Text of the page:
Don DeLongpré puts it in perspective. "As a whole, [the Bay El Bey influence] has changed the industry, very much as a horse like Skowronek changed the industry when he was introduced into the United States through Raseyn, Ferseyn and Raffles. I think that was like a benchmark at that time. The next benchmark came with Bay El Bey."

The list of kings in the Arabian breed is select, but gratifyingly robust ... *Raseyn, Ferseyn, Ferzon, *Mirage, *Raffles, Azraff, Indraff, *Fadl, Abu Farwa, Fadjur, Ga'Zi, *Sultann, *Silver Drift, *Serafix, *Witez II, *Bask, *Naborr, *Morafic, Khemosabi, *Aladdinn, *Muscat, *Padron and others.

All have been influential, but none has maintained that influence through his male line -- indeed, expanded and strengthened it -- as the generations moved forward. That remained for Bay El Bey, whose remarkable production of stallions, and their sons and grandsons, has written his place in history.

The title of The Kingmaker is unique. It belongs to Bay El Bey.


Remembering Bay El Bey 1969-1996

by Kristin Berkery

On November 25, 1996, Bay El Bey++ (Bay-Abi x *Naganka) passed away at Varian Arabians in Arroyo Grande, California.

Bay El Bey
Bay El Bey (Bay-Abi x *Naganka)

The bay stallion, affectionately called “the Kingmaker” by his owner/breeder Sheila Varian and countless other admirers, enjoyed good health up to the end of his life. “At the Summer Spectacular in August, he was in perfect condition and hadn’t looked better," comments Sheila. "Over the years, he grew to love the Summer Spectacular Weekends here at the ranch. Each time, he outdid himself from the year before. We would take him in the ring and he would just snort. This year, he was especially beautiful. He just loved it!”

Some of Sheila’s favorite memories of Bay El Bey are not from show rings and presentations, but rather from quiet moments in the mare pastures. Sheila would tease mares in the fields while on Bay-Abi's back, and she did the same with Bay El Bey after he came of age. When Angela Alvarez became the stud manager at Varian Arabians ten years ago, she began to handle Bay El Bey out in the fields with the mares and foals also. “The babies would come up and huddle around

Bay El Bey in a crowd at the U.S. Nationals
"Touching is never to forget." Bay El Bey presented to the crowd at the U.S. National Championships.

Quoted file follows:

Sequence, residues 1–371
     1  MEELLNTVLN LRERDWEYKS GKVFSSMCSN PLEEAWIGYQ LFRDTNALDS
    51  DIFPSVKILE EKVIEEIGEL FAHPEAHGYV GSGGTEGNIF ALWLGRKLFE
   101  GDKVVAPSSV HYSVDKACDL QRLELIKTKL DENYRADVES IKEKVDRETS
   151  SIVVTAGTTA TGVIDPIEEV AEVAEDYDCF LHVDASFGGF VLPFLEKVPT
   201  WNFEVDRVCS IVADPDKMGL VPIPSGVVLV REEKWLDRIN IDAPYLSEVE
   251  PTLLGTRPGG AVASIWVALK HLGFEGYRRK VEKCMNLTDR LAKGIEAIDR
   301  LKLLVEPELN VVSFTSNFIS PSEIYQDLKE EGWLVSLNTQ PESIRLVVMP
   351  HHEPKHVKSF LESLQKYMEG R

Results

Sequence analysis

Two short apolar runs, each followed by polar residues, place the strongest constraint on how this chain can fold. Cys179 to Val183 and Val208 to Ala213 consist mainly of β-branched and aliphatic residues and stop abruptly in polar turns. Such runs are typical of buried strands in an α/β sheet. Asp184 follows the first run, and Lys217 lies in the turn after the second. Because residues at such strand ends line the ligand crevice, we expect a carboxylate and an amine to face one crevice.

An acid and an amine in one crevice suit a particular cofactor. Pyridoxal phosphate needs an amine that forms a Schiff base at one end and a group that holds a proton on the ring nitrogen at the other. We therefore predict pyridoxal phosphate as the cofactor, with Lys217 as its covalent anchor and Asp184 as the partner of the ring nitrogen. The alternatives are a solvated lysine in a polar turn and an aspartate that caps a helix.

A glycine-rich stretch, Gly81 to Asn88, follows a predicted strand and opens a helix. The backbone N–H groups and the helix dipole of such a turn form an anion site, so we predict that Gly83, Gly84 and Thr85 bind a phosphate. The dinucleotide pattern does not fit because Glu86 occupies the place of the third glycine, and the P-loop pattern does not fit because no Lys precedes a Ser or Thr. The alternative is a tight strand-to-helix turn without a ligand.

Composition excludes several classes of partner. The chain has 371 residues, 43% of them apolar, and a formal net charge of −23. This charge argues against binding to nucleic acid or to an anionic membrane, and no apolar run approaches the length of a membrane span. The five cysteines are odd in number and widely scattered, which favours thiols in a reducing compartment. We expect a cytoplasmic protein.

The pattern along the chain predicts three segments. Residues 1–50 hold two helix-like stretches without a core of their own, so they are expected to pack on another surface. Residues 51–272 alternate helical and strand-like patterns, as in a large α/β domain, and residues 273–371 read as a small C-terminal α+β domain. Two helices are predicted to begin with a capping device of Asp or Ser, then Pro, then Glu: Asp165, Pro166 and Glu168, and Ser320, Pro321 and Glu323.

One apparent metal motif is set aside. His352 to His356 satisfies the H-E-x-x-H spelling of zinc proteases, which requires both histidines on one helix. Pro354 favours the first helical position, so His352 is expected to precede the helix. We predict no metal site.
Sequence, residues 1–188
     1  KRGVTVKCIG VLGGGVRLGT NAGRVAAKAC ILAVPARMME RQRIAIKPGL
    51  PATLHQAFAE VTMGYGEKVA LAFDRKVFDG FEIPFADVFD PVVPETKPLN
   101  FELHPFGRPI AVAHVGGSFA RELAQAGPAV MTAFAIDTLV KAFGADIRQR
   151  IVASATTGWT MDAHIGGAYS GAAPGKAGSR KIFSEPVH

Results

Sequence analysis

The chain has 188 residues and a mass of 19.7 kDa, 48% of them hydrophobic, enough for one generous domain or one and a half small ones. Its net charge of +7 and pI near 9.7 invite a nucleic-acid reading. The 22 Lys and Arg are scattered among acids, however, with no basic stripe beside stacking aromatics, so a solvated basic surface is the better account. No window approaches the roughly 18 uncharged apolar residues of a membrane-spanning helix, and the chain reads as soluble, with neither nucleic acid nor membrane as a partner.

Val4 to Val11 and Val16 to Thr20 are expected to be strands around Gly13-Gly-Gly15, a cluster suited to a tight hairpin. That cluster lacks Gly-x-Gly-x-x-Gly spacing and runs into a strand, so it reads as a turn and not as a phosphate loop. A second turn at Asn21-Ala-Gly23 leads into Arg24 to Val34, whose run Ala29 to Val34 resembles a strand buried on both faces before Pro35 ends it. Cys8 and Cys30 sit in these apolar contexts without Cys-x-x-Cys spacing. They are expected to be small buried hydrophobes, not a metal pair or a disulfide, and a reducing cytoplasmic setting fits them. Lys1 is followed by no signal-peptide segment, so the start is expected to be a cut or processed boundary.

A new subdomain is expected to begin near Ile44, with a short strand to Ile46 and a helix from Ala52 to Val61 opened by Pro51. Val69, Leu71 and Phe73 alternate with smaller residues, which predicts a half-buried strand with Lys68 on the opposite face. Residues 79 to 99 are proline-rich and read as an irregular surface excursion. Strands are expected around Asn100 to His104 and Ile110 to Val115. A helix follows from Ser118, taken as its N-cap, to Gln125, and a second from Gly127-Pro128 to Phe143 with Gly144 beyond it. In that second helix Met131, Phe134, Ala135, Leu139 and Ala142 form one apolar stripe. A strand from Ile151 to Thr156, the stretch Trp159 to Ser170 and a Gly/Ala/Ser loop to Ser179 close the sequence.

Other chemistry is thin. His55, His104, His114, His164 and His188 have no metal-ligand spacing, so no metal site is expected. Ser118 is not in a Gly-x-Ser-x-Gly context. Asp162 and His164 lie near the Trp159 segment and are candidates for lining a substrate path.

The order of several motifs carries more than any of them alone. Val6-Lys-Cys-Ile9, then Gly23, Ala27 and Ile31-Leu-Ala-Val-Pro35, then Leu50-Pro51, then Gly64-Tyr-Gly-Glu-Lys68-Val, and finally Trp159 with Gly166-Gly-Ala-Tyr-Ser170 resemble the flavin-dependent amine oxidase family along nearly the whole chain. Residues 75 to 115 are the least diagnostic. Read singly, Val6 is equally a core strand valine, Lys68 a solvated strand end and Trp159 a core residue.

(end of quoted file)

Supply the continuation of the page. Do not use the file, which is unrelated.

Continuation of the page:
him,” remembers Sheila, “and he would just walk through the mares. Our mares were gentle, they knew him, and of course he knew the mares.”

While Bay El Bey did not sire any foals the last several years of his life, Sheila says his role at the farm was still a big one: “Although we weren’t breeding him, he was still the mainstay of the farm. We always allow the older stallions to think that it’s their ranch -- it was the same way with Bay-Abi (Errabi x Angyl) and Huckleberry Bey (Bay El Bey x Taffona).

“I rubbed Bay El Bey dry when he was born,” continues Sheila. “These horses just become a part of your life. Of course, Bay El Bey never had a change in ownership, but he stood at stud in Florida for two years. Interestingly, although he was wonderfully cared for, he didn’t do well there. He was a

Bay El Bey as a five-year-old
"Bay El Bey as a five-year-old -- standing quietly, simply being himself...beautiful," says Sheila.

California boy. Now we have our ‘Horse Park’ on the ranch where Bay-Abi, Huckleberry Bey, and Bay El Bey are all buried together.

“Bay El Bey was different from his sire,” says Sheila. “Bay-Abi and Huckleberry Bey were more similar in personality. They were amusing, bouncy kinds of horses; Bay El Bey was always kingly.”

The sire of 441 purebred foals in his lifetime, Bay El Bey has a left a mark unequalled by any other stallion. Future generations may look upon the ever-dignified stallion as having as much influence upon the breed as the founding father of the modern Arabian, Skowronek (Ibrahim x Jaskolka). “I would think that he would be remembered like Skowronek,” says Sheila. “Bay El Bey was the Kingmaker, and I’ve felt strongly about that for a long time. I think he has always been appreciated, but I don’t

The Kingmaker's trot
Bay El Bey at a Summer Spectacular -- held the first weekend in August each year at Varian Arabians.

think that people recognized, really, the things he has given to the breed. I think they are recognizing it now...I’ve had a lot of people tell me that no other stallion in our lifetime has had as much influence on the male line. Well, to me, that’s just as obvious as the nose on your face. Taking nothing away from *Bask or any other horse, Bay El Bey was the Kingmaker.”

Bay El Bey has left behind a legacy of some of the greatest stallions known to the Arabian breed, including his sons Bey Shah (x Star Of Ofir), one of the best-known sires of charismatic show horses today; Huckleberry Bey, who redefined the look of the modern English pleasure Arabian; Barbary (x Balalinka), who has sired many of the breed's great show horses -- both purebred and Half-Arabian; Moonstone Bey V (x Moska), sire of the successful western pleasure horse, Rohara Moonstorm; and Talisman Bey (x Talaena), whose son, Talismans Zhivago, is an up-and-coming young star. Alongside a number of other descendants, Bay El Bey’s prodigious grandson, Desperado V (Huckleberry Bey x Daraska), will continue the legacy at Varian Arabians.

Reprinted with permission from "Arabian Horse Interactive Magazine"